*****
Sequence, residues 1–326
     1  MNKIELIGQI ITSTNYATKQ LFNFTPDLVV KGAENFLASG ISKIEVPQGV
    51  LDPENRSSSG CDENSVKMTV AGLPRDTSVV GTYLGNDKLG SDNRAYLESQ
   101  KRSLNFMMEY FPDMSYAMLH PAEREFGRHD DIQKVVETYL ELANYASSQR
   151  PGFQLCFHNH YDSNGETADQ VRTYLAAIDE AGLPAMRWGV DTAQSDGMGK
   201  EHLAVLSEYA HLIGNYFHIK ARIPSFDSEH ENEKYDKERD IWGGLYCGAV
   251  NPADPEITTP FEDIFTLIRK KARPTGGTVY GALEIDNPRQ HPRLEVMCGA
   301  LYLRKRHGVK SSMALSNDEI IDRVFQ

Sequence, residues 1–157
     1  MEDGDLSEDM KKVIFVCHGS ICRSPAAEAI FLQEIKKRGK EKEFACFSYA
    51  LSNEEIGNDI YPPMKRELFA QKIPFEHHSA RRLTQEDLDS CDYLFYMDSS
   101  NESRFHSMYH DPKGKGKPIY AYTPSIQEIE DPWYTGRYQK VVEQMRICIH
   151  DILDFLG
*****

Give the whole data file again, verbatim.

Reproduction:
Sequence, residues 1–326
     1  MNKIELIGQI ITSTNYATKQ LFNFTPDLVV KGAENFLASG ISKIEVPQGV
    51  LDPENRSSSG CDENSVKMTV AGLPRDTSVV GTYLGNDKLG SDNRAYLESQ
   101  KRSLNFMMEY FPDMSYAMLH PAEREFGRHD DIQKVVETYL ELANYASSQR
   151  PGFQLCFHNH YDSNGETADQ VRTYLAAIDE AGLPAMRWGV DTAQSDGMGK
   201  EHLAVLSEYA HLIGNYFHIK ARIPSFDSEH ENEKYDKERD IWGGLYCGAV
   251  NPADPEITTP FEDIFTLIRK KARPTGGTVY GALEIDNPRQ HPRLEVMCGA
   301  LYLRKRHGVK SSMALSNDEI IDRVFQ

Sequence, residues 1–157
     1  MEDGDLSEDM KKVIFVCHGS ICRSPAAEAI FLQEIKKRGK EKEFACFSYA
    51  LSNEEIGNDI YPPMKRELFA QKIPFEHHSA RRLTQEDLDS CDYLFYMDSS
   101  NESRFHSMYH DPKGKGKPIY AYTPSIQEIE DPWYTGRYQK VVEQMRICIH
   151  DILDFLG